On December 8, 2013, after months of internal debate, a group of Jewish students at Swarthmore College voted unanimously to declare its Hillel an “Open Hillel,” making it the first Hillel center officially willing to partner with organizations and students regardless of their opinions about Israel and Zionism. Swarthmore’s decision to come out as an Open Hillel took many older members of the Jewish community by surprise.
Despite Swarthmore’s small size, its unexpected declaration has brought the Open Hillel movement to the national stage. Until now, most Jewish college students assumed that open dialogue on Israel was a taboo topic in Hillel—Swarthmore debunked that myth.
Swarthmore’s Hillel is part of Hillel International, the umbrella organization that has a presence on hundreds of college campuses around the world. Self-described as the “foundation for Jewish campus life,” its community centers aim to provide Jewish college students of all religious stripes a place to worship, socialize and engage with Jewish culture on campus.
But as much as Hillel should be applauded for its commitment to religious pluralism within the Jewish community, it remains ideologically monolithic on one highly charged political topic: Israel. According to Eric Fingerhut, a former US congressman and the current president of Hillel International, Hillel draws the line when it comes to partnering with groups or individuals who identify as “anti-Zionist” or who support boycotts against the Jewish state. “Let me be very clear,” he wrote in a letter addressed to the communications director of Swarthmore Hillel’s student board, “‘anti-Zionists’ will not be permitted to speak using the Hillel name or under the Hillel roof, under any circumstances.” By declaring themselves an Open Hillel, the board of Swarthmore’s Hillel openly defied Hillel policy.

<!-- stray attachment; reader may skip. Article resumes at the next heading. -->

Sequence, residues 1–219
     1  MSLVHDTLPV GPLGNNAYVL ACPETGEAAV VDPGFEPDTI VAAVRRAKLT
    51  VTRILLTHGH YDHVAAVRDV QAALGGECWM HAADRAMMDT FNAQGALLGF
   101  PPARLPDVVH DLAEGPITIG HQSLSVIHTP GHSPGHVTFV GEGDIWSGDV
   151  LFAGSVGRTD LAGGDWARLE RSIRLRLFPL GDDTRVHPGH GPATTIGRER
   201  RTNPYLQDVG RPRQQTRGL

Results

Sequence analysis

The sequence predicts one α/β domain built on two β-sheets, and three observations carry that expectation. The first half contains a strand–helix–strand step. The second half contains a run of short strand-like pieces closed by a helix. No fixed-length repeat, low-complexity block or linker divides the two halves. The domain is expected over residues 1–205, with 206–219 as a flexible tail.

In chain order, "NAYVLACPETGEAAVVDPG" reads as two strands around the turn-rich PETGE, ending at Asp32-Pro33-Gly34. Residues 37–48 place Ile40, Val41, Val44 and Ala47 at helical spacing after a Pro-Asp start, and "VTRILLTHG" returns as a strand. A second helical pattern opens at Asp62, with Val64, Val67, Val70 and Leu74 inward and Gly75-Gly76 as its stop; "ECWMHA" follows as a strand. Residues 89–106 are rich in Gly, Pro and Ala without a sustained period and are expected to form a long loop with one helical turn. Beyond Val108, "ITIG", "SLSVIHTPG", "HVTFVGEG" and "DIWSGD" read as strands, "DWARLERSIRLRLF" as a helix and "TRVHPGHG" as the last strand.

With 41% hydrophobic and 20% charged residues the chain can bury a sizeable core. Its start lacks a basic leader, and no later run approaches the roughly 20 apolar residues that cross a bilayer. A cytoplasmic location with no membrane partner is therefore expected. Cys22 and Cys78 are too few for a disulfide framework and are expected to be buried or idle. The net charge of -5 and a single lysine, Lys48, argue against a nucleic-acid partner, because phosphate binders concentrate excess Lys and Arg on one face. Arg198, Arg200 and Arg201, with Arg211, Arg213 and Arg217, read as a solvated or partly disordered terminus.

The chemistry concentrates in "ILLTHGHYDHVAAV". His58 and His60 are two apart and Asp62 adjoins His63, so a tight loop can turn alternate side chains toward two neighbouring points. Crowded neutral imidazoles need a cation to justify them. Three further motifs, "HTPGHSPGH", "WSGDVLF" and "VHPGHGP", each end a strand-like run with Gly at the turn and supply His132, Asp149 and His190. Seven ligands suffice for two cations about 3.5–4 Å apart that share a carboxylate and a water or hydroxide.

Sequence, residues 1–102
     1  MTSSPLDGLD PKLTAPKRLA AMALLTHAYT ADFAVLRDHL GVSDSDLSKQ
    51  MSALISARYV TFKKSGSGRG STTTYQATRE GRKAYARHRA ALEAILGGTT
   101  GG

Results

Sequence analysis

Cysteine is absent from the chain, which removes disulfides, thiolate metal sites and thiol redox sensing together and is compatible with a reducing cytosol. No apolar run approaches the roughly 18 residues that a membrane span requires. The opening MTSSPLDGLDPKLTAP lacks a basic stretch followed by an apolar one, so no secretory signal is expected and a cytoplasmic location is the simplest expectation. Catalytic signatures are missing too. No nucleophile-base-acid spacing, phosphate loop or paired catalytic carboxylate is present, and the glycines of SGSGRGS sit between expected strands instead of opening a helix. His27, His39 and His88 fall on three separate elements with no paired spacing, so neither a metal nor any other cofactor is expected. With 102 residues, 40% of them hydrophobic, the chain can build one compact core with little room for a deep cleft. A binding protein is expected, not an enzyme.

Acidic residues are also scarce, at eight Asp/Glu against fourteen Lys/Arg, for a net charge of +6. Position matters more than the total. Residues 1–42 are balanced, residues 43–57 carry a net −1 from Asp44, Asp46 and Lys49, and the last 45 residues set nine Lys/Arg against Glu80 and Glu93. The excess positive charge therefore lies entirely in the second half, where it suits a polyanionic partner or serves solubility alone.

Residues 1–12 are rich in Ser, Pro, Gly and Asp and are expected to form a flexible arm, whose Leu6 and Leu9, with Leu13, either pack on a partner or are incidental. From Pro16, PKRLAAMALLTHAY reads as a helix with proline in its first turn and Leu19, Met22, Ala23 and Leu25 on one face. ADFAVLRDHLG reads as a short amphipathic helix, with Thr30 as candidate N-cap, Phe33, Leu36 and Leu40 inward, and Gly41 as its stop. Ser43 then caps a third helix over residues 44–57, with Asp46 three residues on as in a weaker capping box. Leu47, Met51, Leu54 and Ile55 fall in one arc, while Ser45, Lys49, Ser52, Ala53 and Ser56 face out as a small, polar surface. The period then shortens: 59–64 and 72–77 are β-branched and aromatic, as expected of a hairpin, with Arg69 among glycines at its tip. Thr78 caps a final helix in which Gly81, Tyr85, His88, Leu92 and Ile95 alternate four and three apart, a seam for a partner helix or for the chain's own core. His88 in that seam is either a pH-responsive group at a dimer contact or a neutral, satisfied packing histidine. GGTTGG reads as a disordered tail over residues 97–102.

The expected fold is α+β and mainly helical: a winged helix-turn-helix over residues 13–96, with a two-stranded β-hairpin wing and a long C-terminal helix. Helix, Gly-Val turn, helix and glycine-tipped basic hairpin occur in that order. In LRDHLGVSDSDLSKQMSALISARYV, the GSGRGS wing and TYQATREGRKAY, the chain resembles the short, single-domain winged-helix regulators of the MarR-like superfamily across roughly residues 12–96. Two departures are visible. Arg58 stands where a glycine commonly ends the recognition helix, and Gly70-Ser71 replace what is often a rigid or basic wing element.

The idea of Open Hillel was first introduced by Jewish college students at Harvard after an event planned at Harvard’s Hillel was cancelled by the local Hillel director amid pressure from local Jewish sponsors. The sponsors argued that the planned event violated Hillel International’s policies by partnering with a student organization that supported boycotts against Israel. Many Harvard students were surprised—and outraged—after hearing about the cancellation, and several of those students went on to create the Open Hillel movement. “We seek to change the ‘standards for partnership’ in Hillel International’s guidelines, which exclude certain groups from Hillel based on their political views on Israel,” reads the “About” page on Open Hillel’s website.
As someone who believes in Open Hillel’s campaign to promote free speech at Hillel, I find it exciting to see that it now draws support from college students around the country. Emily Unger, a co-founder of Open Hillel and a former student at Harvard, says that the movement already has recruited activists from all around the country. “Students from more than a dozen schools are actively part of our leadership,” she says. These activists have, in addition to lobbying other campus Hillels to become Open, written letters to Hillel’s president urging him to change Hillel International’s official policies.